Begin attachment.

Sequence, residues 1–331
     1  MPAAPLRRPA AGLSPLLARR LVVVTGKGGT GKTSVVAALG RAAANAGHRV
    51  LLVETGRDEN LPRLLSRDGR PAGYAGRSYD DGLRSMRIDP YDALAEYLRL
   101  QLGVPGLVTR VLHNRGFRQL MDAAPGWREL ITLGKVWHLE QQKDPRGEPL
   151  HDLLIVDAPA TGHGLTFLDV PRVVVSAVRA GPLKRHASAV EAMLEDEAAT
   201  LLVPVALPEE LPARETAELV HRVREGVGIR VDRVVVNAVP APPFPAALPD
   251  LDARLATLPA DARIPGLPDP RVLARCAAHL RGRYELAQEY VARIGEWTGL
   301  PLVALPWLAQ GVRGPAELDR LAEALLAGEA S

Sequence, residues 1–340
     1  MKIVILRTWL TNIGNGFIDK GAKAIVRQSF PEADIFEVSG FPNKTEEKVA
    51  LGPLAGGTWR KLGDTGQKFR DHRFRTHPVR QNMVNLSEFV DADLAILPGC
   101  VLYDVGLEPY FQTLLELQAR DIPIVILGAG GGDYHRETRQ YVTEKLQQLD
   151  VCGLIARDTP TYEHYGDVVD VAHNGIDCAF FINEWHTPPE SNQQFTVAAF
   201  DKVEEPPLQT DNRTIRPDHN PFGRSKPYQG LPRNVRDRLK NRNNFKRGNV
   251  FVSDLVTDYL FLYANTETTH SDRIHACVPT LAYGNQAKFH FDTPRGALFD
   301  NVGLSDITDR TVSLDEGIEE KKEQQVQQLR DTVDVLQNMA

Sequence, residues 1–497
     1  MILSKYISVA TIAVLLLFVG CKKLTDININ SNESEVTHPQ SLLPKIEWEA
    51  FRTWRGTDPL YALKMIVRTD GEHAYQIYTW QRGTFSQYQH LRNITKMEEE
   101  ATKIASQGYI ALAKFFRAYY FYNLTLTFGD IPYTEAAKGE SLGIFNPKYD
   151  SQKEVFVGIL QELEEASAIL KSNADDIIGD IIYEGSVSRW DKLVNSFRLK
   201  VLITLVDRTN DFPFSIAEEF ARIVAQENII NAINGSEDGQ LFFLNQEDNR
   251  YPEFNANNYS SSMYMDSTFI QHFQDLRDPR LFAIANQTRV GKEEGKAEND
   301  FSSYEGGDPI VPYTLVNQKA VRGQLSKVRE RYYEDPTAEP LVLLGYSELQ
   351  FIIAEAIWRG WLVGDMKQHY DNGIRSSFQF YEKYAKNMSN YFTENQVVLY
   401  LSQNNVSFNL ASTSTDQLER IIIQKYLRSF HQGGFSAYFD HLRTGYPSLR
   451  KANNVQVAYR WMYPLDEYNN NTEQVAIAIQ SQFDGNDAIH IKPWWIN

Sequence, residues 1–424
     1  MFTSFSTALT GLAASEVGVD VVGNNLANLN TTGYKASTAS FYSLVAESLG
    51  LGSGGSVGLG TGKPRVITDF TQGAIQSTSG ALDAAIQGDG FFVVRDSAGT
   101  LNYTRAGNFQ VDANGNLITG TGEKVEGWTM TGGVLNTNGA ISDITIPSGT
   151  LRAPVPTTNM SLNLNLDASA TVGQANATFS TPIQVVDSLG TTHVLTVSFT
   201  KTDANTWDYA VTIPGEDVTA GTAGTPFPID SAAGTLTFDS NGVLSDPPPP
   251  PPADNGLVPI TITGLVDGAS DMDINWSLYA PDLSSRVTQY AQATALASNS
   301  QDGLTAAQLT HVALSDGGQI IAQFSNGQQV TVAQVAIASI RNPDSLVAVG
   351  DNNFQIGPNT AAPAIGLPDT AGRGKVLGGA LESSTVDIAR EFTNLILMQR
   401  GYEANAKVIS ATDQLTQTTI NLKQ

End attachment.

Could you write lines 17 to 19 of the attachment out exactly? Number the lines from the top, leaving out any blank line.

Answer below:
Sequence, residues 1–497
     1  MILSKYISVA TIAVLLLFVG CKKLTDININ SNESEVTHPQ SLLPKIEWEA
    51  FRTWRGTDPL YALKMIVRTD GEHAYQIYTW QRGTFSQYQH LRNITKMEEE